'REVENUE STREAM DECIMATED' Peter Duggan, who is taking over as the Interim Chief Executive of Mayo County Council this week, had a stark warning for councillors regarding the current state of the finances of the local authority. Pic: Michael McLaughlin
Talk of Council redundancies dismissed as premature
Many Mayo businesses will not open after Covid-19 restrictions are lifted unless immediate financial support comes from central government. That was the stark message delivered by Cllr Paul McNamara at Monday’s meeting of Mayo County Council in GMIT Castlebar.
The historic gathering in St Mary’s Hall heard that the local authority is haemorrhaging money at the moment, with record losses of €1.75 million per month.
Peter Duggan, Director of Finance, brought the reality of the situation to the floor when he told councillors the local authority’s revenue stream has been decimated, and like every other business in the country it faced an uncertain future.
His report initiated a discussion that was passionate if somewhat tangential, including talk of everything from redundancies and borrowing to helicopter money and flatulating cows. However, Cllr McNamara cut to the chase by calling for immediate Government intervention and continued investment in local services.
“Turning off the tap is not the answer. We’re in uncharted waters at the moment, and if support doesn’t come immediately from central government, many businesses in this county will not open up again. We need to invest in them to keep them alive and give them the breathing space to get through this, but mark my words, it has to be done very, very urgently,” said the Achill-based councillor.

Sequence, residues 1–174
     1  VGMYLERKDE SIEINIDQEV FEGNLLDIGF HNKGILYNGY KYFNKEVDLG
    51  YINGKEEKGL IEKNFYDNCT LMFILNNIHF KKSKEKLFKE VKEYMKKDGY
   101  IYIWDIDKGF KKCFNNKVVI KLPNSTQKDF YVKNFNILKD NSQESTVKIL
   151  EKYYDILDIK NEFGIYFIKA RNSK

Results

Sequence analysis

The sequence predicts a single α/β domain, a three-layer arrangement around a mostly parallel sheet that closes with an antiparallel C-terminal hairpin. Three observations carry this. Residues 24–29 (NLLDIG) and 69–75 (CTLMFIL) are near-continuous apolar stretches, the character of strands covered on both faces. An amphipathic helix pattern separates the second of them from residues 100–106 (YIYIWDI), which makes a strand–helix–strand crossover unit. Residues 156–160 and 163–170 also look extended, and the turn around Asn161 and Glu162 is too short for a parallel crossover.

These remarks were seconded by Cllr Michael Smyth, who urged council officials to investigate the prospect of borrowing money to spend on targeted projects to get the economy up and running. “Ideally the Government need to fund local authorities, but if they don’t, we have to find solutions ourselves,” he said.
The call for subvention was echoed by Cllr Damian Ryan who reminded all in the room that Mayo County Council had no reserve savings, unlike some other local authorities.
“We’re very exposed to this crisis, but we have to show leadership,” he said. “We need the message to go out there that we want to fight our way out of this.”
Cllr Christy Hyland agreed with the need for positivity and felt that money should be put into the economy to build confidence and consolidate and strengthen, but he also raised the prospect of possible redundancies in local authority staff.
“More than 45 percent of our budget goes on wages and salaries, so I ask the question, should we look at redundancies? Tough decisions will have to be made,” he stated.
The prospect of job losses was not met with support, with Cllrs Jarlath Munnelly and Donna Sheridan among those who reacted strongly before Chief Executive, Peter Hynes, stepped in.
“Redundancies are not what we’re looking for. Talk of this is way, way too premature. We came through the last recession without a single office closure or reduction in services and we aim to do so again,” he said.
Mr Duggan also steered the conversation away from redundancies and said thoughts had to turn towards closing the revenue gap and putting stimulus packages in place to get the economy up and running again.
“We worked with our small businesses through thick and thin in the past,” he said, “and we will continue to do so in the coming months and years.”